The provincial government is to provide more money to the Northern Health Authority to beef up physician services in the emergency room at Mills Memorial Hospital.
Doctors who then want to work in the ER will be paid a salary for their shifts as opposed to the traditional fee-for-service model of doctors who maintain their own offices and clinics.
There are already physicians working in the ER either full time or part time under what’s called the Alternate Payments Program but adding more money is intended to be a “recruiting incentive and stabilizing force,” says Northern Health official Eryn Collins.
One hope is that doctors attracted to emergency medicine might work a set number of shifts and also maintain a practice outside the ER, she said.
“The goal is to improve access to primary care and stabilize both primary and acute care,” Collins added.
Adding salaried shifts is also expected to alleviate the current schedule which sees family physicians typically working nights and weekends in the ER when its salaried doctors are off shift.
That practice of having family physicians maintain their own clinic schedules while also rotating through the ER has long been regarded as a challenge in smaller communities when it comes to recruiting and retaining physicians.
And having more salaried positions in the ER will ensure there are enough doctors on duty during busy periods.
Exact details of how much money will be flowing to the Northern Health Authority and what that means in terms of boosting salaried positions within the Mills ER are now being worked out, said Collins.
“There’ll be more known within a few weeks,” she said.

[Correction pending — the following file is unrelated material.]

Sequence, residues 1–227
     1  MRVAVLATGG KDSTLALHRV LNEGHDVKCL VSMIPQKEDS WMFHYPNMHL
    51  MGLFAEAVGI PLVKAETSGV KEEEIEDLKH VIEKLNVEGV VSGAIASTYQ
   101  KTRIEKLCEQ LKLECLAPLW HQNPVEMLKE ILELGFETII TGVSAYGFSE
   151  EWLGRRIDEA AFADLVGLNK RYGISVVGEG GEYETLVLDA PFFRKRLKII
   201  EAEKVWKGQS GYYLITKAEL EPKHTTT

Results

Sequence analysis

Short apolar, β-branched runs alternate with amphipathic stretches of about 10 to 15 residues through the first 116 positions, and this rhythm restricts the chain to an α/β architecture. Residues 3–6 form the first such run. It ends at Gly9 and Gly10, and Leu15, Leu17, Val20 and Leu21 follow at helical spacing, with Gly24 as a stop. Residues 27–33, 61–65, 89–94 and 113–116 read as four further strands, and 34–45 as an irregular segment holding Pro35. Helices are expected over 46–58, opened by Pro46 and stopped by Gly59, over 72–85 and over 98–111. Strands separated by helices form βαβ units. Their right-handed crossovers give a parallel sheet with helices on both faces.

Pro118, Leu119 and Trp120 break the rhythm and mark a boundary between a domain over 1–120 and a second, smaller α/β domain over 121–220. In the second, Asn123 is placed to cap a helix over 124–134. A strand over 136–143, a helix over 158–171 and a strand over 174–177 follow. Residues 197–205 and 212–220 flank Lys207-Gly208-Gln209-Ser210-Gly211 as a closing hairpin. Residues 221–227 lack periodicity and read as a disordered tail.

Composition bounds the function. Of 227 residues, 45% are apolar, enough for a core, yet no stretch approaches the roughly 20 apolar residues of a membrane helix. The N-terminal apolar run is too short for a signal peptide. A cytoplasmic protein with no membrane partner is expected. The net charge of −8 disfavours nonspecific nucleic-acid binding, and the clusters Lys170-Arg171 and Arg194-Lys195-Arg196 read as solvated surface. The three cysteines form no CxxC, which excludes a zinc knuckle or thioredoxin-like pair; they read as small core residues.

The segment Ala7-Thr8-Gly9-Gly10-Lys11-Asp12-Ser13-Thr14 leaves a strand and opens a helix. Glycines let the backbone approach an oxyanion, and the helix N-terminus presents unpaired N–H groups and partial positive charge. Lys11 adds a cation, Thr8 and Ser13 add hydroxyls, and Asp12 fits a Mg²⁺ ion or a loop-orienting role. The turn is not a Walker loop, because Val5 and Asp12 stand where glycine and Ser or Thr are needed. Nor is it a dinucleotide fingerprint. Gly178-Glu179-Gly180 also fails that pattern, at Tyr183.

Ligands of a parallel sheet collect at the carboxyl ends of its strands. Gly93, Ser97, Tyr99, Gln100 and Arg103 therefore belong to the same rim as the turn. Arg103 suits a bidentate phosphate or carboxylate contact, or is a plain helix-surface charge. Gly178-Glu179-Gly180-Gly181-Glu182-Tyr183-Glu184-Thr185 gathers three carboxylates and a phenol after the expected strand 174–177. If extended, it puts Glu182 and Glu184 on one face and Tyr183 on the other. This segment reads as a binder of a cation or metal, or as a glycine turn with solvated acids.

The current master physician agreement between the provincial association representing B.C. doctors, Doctors of B.C., and the provincial government sets a salaried shift at 3.5 hours and, as of April 1, the pay rate will be $468.18 per shift.
The move to add salaried shifts at Mills in the hopes of improving the number of physicians within the community comes as local residents face a shortage of family physicians, leaving many without a family doctor.
A standalone clinic in the Lazelle Ave. mini mall was opened last year with the intent of providing services to people who don’t have a family doctor.
Residents now line up along the sidewalk in the early morning hours while waiting for it to open.
Collins said it’s important to note that while the Northern Health Authority does have a role to play in providing medical care, it’s up to physicians to decide how they manage their own clinic services.
“Terrace is not unusual in this regard,” said Collins of the shortage of family physicians within the province.
Paying physicians a salary under the alternate payments program has become a popular way of financing medical services in rural areas of the province, indicates the provincial government.
“The alternative payments program aims to secure sufficient access to care in situations where fee-for-service arrangements may not guarantee physicians the financial support or stability to be able to provide needed care,” reads a statement on a health ministry website.